Blindness prevention by cholesterol drugs

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Some researchers have found that cholesterol is linked with blindness and some diabetic complications. Due to this relation, patients with either of these two conditions can benefit from some cholesterol drugs. However, this finding is to some extent a little late because the drug has been in the market for three decades. These researchers have spent five years on this study and finally release this result. Better later than never. This finding does suggest another preventative treatment for diabetic individuals, who are a large group in the world.

Diabetic patients are at high risk of blindness

Like ham and eggs, diabetes and blindness always go together. It is widely known that diabetes increases the risk of developing eye diseases but many people are unaware of the potential risks of this disease. Actually, people who have suffered diabetes for more than five years must receive eye exams at least once a year. A comprehensive eye exam can help an eye doctor discover the damage to the retina caused by diabetes.

Diabetes requires proper care and control

Statistics show that diabetes-caused blindness occurs quite rarely that less than 2% of diabetic patients suffer total vision loss. However, the diabetics should never skip self-care about the disease. Diabetes is worth enough attention and patients have to do most of the work to control the disease. In fact, blindness is the severest consequence that is possibly caused by diabetes. But this disease actually puts related patients at a higher risk of some other eye problems that are relatively less serious, e.g. cataracts, glaucoma and retinopathy. It is a must to place it under control.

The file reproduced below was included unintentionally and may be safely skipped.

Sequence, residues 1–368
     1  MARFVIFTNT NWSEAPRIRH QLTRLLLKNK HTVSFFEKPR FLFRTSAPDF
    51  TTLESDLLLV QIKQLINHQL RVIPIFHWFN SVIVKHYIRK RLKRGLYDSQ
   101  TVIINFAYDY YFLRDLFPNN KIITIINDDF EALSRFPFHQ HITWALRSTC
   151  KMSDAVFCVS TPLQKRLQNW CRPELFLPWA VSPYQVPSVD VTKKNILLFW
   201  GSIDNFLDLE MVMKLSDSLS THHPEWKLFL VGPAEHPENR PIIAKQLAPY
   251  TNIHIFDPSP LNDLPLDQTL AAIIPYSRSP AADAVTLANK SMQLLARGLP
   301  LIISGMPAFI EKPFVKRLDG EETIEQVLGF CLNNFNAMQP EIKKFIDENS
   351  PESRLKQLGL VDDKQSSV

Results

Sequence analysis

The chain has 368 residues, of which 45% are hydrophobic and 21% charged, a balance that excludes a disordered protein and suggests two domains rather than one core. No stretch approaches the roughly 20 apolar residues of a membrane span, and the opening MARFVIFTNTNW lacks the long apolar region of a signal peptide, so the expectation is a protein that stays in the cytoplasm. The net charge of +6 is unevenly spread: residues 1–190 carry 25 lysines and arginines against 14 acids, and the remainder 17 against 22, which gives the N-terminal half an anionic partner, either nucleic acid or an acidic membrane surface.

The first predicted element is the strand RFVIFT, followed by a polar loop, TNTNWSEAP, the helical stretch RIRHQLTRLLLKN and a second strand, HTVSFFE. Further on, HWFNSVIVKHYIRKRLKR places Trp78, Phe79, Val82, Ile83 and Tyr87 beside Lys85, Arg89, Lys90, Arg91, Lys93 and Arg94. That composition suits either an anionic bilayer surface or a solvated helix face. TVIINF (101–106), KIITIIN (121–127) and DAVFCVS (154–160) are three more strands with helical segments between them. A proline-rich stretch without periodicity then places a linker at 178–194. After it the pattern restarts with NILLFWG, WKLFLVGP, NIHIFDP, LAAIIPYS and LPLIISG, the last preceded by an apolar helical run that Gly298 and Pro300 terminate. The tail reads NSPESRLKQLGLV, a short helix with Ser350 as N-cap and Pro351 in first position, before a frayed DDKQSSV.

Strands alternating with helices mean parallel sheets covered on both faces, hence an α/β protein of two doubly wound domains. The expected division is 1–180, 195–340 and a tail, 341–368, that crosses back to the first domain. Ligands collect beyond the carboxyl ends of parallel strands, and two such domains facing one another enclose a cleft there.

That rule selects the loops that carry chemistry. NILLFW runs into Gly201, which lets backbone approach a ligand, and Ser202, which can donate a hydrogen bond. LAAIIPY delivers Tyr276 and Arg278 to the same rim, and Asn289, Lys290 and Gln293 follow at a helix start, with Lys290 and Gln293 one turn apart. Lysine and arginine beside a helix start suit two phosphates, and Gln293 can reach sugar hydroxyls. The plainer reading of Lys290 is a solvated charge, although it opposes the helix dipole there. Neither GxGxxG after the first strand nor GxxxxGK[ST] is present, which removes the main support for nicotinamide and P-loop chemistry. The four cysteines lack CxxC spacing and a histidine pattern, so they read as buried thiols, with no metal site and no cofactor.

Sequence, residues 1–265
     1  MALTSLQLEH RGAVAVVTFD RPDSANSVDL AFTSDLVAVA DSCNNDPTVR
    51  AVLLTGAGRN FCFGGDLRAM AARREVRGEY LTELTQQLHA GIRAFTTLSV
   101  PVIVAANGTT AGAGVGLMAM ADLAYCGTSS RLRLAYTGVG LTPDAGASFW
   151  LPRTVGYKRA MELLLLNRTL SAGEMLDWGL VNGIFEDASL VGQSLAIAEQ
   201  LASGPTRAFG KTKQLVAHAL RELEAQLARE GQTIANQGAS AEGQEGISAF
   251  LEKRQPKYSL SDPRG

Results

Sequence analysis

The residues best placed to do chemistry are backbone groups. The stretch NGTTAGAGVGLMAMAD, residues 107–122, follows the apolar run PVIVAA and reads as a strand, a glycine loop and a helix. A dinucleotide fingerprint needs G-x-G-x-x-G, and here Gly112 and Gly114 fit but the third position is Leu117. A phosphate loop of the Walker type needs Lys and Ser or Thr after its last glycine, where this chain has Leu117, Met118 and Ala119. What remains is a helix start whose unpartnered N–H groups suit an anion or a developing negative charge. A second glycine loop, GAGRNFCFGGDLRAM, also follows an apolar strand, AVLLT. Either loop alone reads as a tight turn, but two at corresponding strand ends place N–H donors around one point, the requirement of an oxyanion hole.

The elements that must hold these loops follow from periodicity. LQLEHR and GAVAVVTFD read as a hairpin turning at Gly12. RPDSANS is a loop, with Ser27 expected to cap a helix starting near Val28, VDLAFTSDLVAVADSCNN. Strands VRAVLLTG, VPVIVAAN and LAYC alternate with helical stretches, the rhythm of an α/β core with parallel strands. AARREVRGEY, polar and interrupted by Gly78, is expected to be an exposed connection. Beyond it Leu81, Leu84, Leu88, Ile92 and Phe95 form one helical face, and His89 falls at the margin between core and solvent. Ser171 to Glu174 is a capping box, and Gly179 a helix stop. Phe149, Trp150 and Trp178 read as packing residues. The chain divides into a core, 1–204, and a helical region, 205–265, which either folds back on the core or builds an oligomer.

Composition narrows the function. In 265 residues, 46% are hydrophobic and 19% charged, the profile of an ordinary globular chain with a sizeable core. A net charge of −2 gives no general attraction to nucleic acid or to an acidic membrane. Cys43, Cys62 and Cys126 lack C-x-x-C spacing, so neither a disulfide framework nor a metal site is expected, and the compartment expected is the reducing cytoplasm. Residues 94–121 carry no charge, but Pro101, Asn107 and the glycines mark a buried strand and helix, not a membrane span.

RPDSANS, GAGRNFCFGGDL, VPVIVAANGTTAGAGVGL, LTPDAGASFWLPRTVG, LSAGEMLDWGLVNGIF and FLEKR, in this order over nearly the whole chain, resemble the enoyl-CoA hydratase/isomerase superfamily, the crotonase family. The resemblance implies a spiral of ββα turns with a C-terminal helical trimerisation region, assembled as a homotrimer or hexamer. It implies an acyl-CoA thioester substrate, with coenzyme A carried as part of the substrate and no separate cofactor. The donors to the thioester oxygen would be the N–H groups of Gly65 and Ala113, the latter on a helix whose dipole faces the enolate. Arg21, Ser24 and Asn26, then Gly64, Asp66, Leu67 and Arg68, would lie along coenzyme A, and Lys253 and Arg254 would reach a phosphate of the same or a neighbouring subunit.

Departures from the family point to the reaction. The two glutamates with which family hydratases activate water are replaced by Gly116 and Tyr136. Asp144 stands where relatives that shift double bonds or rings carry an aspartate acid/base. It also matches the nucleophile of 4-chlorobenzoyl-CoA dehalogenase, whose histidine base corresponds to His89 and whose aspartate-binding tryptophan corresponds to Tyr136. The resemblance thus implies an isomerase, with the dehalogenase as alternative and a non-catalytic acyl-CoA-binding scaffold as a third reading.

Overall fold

Preventative treatments for diabetes related eye problems

Proven therapies that help prevent or even reverse eye damage caused by diabetes include photocoagulation and biochemical interventions. Evidences also show that a well controlled blood glucose level can significantly decrease the risk of retinopathy. Yet the reversal solutions have not been proven, although some improvements are emerging. To be honest, it is a hard task to reverse diabetes-caused visual problems and recover normal vision.

Cholesterol drug that helps prevent blindness

Retinopathy in diabetic patients has proven to be reduced by a cholesterol drug named fenofibrate, which solves the foremost cause of blindness. The effectiveness of blindness prevention by cholesterol drugs is just one of the results. Researchers of the study from the University of Sydney also points out that this drug can reduce the risk of having laser surgery by a third.

Omega-3 fatty acids offer another option

Cholesterol drugs must be medicated if a diabetic patient wants to prevent eye damage, even if there is no cholesterol problem. Fortunately, omega-3 fatty acids have also been reported to prevent eye damage. This nutrient can be easily found in many foods such as mackerel, wild salmon, sardines and anchovies. With these options, diabetic patients can make a proper selection after consulting a doctor.